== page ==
The critics on Young Mandela

Pretoria News Weekend – Author takes brave dip into darker side of Mandela world

The Sunday newspapers played it hard and straight. Nelson Mandela’s son Makgatho had died of Aids, and a young grandchild and a young lover were allegedly enmeshed in the scandal. Despite our growing national ethos not to sensationalise Aids, that was how the story was drawn – as a scandal. And so, millions came to know that the man we all loved had apparently been estranged from a son many South Africans did not know existed, and that the Mandela family was divided between the Winnie Madikizela-Mandela side and the Evelyn Mase side. The Winnie side, we heard – many for the first time – had never been comfortable with the Evelyn side, and the wretched death of Makgatho threw a dirty, emotional war wide open. As the years have gone on, those background battles between the families born out of the second marriage to now world-famous Winnie, who is the mother of Mandela’s daughters, and the first marriage to Evelyn, little-known mother of Makgatho and Thembi, who died in a car accident, have carried on. That Mandla Mandela – Makgatho’s son, a chief, a rising young ANC MP and Mandela’s chosen political heir – is from Evelyn’s blood, has made the issue far more important. Yet, interestingly, not many prominent writers have ventured there, or anywhere else into muddied Mandela waters. The sanctification of one the world’s most loved statesman has surely kept them away. So has the wall that the ANC sets up between itself and those who want to probe its heroes. But British journalist David James Smith, who writes for London’s Sunday Times Magazine, has stepped gingerly onto the sacred ground to try to take up some of the rifts and the damage in his book Young Mandela. Clearly, it was not a straightforward assignment. Although his introduction establishes a polite basis for some contentment between himself, the Mandelas and the Nelson Mandela Foundation, it has an uneasiness to it that suggests something else. As Mandela turns 92, Smith is one of the few journalists and writers who has been willing to try to look a little more wryly, not to say critically, at a living saint. And some of his allegations, although mostly known, have of course been almost unbearable. His first wife claimed Mandela was a violent abuser. Was he? He has denied it again and again, and Mandelaphiles have reacted repeatedly with horror. So one can only imagine how Smith – who has all along insisted he regards his job as to strip away the myths – must have battled to articulate the depth of that shadow from the past appropriately. Then there are love affairs. Indeed, only the most sheltered individuals would be able to believe that Mandela – who has shamelessly flirted with and shown his appreciation of lovely women – would never have succumbed. But James goes again where others have tried: into the rumours about love children and adultery. The old hurts, the old betrayals. Are they true? Most dominant among them have been the stories about ANC stalwarts Lilian Ngoyi – who is described as not particularly feminine but, euphemistically, rather more “statuesque” – and the undeniable beauty, Ruth Mompati. Anyone who has interviewed Mompati recently will agree. In her early 80s, she walks into a room, and you do a double-take. Mase, again, was the one in pain, alleges Smith. She would have to watch as her husband brazenly took lovers. She wanted to throw boiling water on his head. She complained bitterly to Walter Sisulu. So Smith does not exactly demur, and it is obvious he desperately wants the dirt. He tries by all means to create a picture of a bloody and divided South African world in the 1950s and 1960s – of revolutionaries, would-be revolutionaries and common-or-garden hangers-on who couldn’t keep their hands off each other, even when this had nothing whatsoever to do with Mandela. He questions Mandela’s own creation of himself as a glorious outlaw and begs for irony on this. So Young Mandela is not dull, but it’s neither rough nor beautiful enough. It feels a little too much like an outsider’s self-fulfilling prophecy. But what it does do is get us thinking again about another side to a man we love, whose legend we cannot bear to touch. The truth, after all, is always going to be more agonising than the fiction.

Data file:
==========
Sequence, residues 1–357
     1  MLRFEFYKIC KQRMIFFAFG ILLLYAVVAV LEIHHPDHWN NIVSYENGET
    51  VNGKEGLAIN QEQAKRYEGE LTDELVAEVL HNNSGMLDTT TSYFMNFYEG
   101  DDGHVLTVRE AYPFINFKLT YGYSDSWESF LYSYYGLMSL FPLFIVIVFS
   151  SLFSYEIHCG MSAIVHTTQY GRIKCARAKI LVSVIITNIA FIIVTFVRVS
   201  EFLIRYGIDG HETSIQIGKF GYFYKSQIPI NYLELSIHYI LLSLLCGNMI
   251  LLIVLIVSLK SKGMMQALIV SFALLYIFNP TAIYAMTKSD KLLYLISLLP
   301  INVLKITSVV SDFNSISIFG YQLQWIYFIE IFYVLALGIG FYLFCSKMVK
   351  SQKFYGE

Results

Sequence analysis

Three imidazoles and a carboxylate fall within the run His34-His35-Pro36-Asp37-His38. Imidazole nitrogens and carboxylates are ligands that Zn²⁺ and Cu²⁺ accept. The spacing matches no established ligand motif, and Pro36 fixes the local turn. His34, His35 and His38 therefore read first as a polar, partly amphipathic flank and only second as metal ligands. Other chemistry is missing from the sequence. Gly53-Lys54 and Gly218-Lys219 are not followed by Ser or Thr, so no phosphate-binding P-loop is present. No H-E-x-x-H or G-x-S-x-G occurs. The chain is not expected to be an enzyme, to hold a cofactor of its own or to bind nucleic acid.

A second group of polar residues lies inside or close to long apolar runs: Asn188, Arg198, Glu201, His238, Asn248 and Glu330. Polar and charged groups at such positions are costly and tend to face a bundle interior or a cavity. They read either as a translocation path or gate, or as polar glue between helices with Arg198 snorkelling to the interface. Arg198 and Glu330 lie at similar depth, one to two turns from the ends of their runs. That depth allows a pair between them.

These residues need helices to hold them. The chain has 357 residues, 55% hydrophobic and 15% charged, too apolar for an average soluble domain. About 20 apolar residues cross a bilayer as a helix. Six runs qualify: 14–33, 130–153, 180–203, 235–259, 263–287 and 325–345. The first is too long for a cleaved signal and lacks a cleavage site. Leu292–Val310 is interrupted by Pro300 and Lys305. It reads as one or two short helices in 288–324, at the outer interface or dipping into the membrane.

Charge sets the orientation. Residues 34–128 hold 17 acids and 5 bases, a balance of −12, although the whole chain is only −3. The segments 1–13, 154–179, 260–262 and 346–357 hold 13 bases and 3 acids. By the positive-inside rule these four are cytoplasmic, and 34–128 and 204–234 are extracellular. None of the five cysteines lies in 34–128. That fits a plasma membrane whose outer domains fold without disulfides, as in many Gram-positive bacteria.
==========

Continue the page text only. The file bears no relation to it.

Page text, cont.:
Latest News

  • The Sleep Of Reason – The James Bulger Case by David James Smith:
    Faber Finds edition with new preface, available September 15th, 2011.

  • Young Mandela the movie – in development.

    From The Guardian
    Read the article

    In the Diary column of The Independent, April 13th, 2011

    More on my previously unsubstantiated claim that the writer-director Peter Kosminsky, creator of The Promise, is working on a drama about Nelson Mandela. I’ve now learnt that the project is a feature film, in development with Film 4, about the young Mandela. Kosminsky is currently at work on the script and, given the complaints about the anti-Jewish bias of The Promise, it is unlikely to be a standard bland portrait of the former South African president.

Latest Review

    New York Times – J. M. Ledgard
  • Nelson Mandela was circumcised as a 16-year-old boy alongside a flowing river in the Eastern Cape. The ceremony was similar to those of other Bantu peoples. An elder moved through the line making ring-like cuts, and foreskins fell away. The boys could not so much as blink; it was a rite of passage that took you beyond pain. read full review

See David James Smith…

Jon Venables: What Went Wrong
BBC 1, 10.35
Thursday, April 21st, 2011